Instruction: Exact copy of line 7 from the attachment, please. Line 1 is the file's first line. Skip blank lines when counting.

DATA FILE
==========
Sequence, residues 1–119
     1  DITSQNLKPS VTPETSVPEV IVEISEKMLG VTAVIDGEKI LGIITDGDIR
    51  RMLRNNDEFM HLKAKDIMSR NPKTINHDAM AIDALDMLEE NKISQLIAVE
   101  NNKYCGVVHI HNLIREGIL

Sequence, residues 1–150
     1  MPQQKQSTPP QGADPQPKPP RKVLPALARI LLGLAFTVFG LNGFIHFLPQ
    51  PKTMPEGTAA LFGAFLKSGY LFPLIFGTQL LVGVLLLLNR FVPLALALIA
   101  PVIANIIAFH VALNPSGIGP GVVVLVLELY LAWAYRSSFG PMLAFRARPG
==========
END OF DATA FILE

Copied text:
    51  PKTMPEGTAA LFGAFLKSGY LFPLIFGTQL LVGVLLLLNR FVPLALALIA